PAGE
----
Prices for corn, soybeans, and wheat – crops that are the foundation of much of the world’s diet – have reached levels not seen since 2013, fueled in part by speculators expecting prices to rise even more, some analysts say.
Wheat has passed its February 2013 high and closed 7 May at $7.73 a bushel at the Chicago Board of Trade before settling back to $7.61 on 10 May. Corn closed at $7.72 on 7 May and is up 142 percent in the past 12 months, Bloomberg reported. 
Soybeans were at their priciest since June 2013 at $16.22 a bushel on 7 May.
Last week, Bloomberg’s Agriculture Spot Index tracking prices of basic crops jumped the furthest in more than eight years as prices for crop futures soared.
Food prices have been climbing relentlessly for ten months, Bloomberg noted.
Droughts in Brazil, Canada, France, and the central and western U.S. are withering corn and wheat crops, while too much rain in Argentina is damaging soy fields.
Meanwhile, China is rumored to be seeking a million tons of corn to import this year to continue expanding its hog herds as an increasingly affluent population demands more meat.
Bangladesh and Egypt also have made offers for grain in hopes of securing supplies before inventories disappear.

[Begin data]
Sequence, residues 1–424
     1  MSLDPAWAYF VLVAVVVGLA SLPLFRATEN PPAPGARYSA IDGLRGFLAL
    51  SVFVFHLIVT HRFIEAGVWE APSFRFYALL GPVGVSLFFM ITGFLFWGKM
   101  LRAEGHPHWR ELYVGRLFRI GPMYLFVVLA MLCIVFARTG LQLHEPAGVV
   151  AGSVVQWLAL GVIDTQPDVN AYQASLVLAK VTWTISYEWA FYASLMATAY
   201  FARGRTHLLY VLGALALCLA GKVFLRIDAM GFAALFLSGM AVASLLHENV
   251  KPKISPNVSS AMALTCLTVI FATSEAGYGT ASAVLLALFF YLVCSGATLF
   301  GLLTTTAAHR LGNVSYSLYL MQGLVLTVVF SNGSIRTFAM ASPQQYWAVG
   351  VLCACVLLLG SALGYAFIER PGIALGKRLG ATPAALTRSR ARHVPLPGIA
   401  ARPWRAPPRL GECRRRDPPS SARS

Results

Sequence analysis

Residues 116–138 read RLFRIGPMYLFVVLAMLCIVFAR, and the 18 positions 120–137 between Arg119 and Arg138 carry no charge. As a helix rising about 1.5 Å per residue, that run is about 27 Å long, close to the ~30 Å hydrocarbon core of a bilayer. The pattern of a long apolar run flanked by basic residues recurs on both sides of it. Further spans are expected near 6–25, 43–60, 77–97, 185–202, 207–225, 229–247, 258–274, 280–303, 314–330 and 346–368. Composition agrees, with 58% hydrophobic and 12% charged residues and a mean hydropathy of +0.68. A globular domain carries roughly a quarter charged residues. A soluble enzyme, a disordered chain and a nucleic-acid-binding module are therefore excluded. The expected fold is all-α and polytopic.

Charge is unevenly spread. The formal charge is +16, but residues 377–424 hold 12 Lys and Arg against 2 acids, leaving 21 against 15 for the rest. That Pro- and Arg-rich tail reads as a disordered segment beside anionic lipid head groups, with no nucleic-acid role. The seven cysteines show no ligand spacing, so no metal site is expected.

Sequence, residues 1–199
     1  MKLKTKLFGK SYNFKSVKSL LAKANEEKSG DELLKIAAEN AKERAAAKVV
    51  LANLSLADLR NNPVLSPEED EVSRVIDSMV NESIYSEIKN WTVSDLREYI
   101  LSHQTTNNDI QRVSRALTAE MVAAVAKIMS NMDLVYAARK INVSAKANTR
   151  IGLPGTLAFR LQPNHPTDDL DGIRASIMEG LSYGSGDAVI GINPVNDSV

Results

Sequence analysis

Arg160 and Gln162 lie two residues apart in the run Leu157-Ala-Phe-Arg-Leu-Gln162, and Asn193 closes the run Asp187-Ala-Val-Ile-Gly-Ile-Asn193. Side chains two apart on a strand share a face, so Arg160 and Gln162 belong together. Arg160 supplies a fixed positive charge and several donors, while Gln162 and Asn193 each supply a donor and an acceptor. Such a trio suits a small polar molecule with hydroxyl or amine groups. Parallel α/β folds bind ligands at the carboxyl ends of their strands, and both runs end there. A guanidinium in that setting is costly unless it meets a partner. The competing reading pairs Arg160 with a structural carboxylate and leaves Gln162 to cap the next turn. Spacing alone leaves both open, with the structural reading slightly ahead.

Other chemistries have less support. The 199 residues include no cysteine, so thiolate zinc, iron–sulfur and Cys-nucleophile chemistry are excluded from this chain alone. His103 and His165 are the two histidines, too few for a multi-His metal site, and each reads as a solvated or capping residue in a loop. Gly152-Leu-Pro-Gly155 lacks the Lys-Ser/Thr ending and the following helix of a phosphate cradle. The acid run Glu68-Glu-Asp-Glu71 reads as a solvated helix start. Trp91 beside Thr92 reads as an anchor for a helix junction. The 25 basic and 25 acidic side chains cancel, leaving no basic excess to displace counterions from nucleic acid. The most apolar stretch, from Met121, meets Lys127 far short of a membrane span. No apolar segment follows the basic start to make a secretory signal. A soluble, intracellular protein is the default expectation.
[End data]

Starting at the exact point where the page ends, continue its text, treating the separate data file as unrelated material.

In addition, supply-chain bottlenecks, from shortages of shipping containers to a shortage of workers at trucking depots, have made a range of foods hard to get.
“We are getting close to the point of having to ration demand,” analyst Jacqueline Holland at Farm Futures told Bloomberg. “Farmers are either running out of crops to sell or waiting for the market to go even higher.”
Russia, a major wheat exporter, has curbed shipments to ensure adequate domestic supplies and has frozen prices at home, Bloomberg reported; Bolivia has banned beef exports to keep its citizens fed and curb price spikes.
The shortages and rising prices will translate to sticker shock at the supermarket over the summer, as we reported in the 4 May Trends Journal.
Already, tortilla prices in Mexico have soared, as has the cost of beef in Brazil, palm oil in Myanmar, and meats in the U.S.
It takes three to six months for price hikes in raw materials to appear on grocery shelves, insiders say. Nestlè, Procter & Gamble, and General Mills all have warned of higher prices for consumers in the summer and beyond.
TREND FORECAST: Food inflation will hit consumers hard, especially in poorer nations where people are forced to spend a greater portion of their incomes to eat. 
This, in turn, will push more people onto the streets to protest declining living standards, rising prices, government corruption, crime, and violence. As tensions rise and economies falter in developing and poorer nations, more people will seek refuge in safe-haven nations, which will escalate anti-immigration and nationalist movements in the countries they wish to seek refuge in. 

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